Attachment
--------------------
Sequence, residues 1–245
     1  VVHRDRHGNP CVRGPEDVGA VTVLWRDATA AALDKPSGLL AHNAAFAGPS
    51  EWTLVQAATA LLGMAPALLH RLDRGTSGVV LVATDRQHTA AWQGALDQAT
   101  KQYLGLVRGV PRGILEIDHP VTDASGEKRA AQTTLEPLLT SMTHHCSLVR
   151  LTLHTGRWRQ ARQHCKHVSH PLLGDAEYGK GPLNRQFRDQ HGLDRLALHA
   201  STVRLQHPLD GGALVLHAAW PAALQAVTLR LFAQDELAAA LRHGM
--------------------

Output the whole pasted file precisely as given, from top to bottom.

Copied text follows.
Sequence, residues 1–245
     1  VVHRDRHGNP CVRGPEDVGA VTVLWRDATA AALDKPSGLL AHNAAFAGPS
    51  EWTLVQAATA LLGMAPALLH RLDRGTSGVV LVATDRQHTA AWQGALDQAT
   101  KQYLGLVRGV PRGILEIDHP VTDASGEKRA AQTTLEPLLT SMTHHCSLVR
   151  LTLHTGRWRQ ARQHCKHVSH PLLGDAEYGK GPLNRQFRDQ HGLDRLALHA
   201  STVRLQHPLD GGALVLHAAW PAALQAVTLR LFAQDELAAA LRHGM